All of the clothing items shown were thrifted from charity shops or ebay and cost £4 or under, except the dark blue White Stuff dress, which was £15. The boots were bought before the thrifting experiment – they’re Fly London. New tights are classed as essentials so are permitted.
On a crack commando mission to find trousers one day my eye strayed round the local Cancer Research shop and I spotted this skirt – vintage-style floral linen, edged with lace, twirly dirndl, £4. It’s a good skirt. I was thrilled.
So, so far so good, but I’m afraid I did not stick entirely to the virtuous thrifty path. Here’s my confession:
I fell off the thrifty wagon three times and I bought:
Ha! I bought one after all (It is made of angora and has quite lovely leg o’ mutton sleeves and MOP buttons so I think it’ll be alright).
What about hand-made clothes? I had very good intentions but the reality of a five year old, a two year old, some jewellery customers, a conveyer belt of viruses and hardly any skill meant that I didn’t hold out much hope. I went to Val’s house last week armed with a copy of Weekend Sewing, a vintage brushed cotton candy stripe sheet and a total lack of confidence. I came home one pair of pyjama bottoms richer.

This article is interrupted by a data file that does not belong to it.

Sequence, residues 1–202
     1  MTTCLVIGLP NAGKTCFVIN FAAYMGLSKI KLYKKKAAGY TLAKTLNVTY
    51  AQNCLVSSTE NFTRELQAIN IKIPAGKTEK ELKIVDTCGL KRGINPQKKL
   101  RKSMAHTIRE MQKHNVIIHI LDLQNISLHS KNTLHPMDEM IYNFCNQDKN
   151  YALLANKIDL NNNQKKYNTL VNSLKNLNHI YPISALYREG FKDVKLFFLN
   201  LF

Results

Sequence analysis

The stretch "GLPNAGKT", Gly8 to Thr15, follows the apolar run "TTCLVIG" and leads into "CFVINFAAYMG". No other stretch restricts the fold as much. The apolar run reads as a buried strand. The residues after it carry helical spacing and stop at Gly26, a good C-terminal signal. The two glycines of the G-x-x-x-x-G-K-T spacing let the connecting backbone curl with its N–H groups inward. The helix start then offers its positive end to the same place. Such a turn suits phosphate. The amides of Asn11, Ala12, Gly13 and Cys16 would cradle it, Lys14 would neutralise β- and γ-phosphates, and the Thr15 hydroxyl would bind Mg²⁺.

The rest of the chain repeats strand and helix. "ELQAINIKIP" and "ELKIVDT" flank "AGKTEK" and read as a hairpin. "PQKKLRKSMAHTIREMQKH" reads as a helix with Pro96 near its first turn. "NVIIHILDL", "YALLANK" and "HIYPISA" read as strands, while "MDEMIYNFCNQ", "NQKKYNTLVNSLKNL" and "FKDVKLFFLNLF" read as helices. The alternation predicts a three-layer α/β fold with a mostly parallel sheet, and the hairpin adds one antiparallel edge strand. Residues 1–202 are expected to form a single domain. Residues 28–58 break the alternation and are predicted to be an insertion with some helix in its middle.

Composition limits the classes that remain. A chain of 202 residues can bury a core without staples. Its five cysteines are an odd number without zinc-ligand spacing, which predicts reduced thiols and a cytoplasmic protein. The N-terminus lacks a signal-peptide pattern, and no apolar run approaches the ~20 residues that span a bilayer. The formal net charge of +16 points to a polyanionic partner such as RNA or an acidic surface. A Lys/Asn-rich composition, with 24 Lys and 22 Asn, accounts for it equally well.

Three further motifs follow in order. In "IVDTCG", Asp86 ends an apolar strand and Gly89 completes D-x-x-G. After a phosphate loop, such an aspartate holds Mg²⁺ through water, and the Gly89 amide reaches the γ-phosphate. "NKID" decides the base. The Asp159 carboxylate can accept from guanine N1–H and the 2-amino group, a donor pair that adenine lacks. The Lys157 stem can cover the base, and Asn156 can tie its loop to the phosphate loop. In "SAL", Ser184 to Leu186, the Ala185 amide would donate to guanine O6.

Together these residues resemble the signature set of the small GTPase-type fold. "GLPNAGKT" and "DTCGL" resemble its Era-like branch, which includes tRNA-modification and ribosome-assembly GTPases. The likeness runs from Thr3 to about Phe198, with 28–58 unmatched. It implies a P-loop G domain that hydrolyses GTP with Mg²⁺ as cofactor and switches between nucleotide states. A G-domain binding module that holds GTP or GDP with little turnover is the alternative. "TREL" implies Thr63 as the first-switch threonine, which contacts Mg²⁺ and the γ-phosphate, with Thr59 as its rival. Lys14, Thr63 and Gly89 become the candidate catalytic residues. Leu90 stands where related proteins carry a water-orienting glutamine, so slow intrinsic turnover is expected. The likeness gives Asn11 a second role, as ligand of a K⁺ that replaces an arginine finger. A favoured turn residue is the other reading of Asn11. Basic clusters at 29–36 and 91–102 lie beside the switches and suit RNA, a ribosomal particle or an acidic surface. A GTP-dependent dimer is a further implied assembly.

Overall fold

I MADE these! I’m gobsmacked. Val, you are a sewing sorceress of some kind. Massive, massive thanks for your tuition, patience and encouragement.
So, what did I learn?
- Thrifted outfits do not have to look scruffy or odd
- Friends could not spot that I was wearing second-hand
- Charity shops are upping their game because of the financial climate: the quality of stock is improving all the time
- A budget stretches a lot further with thrifted clothes (obviously)
- It felt good to be greenish
I will certainly be buying more thrifted clothes in the next year although I think I’m sorted for purple cardigans at the moment.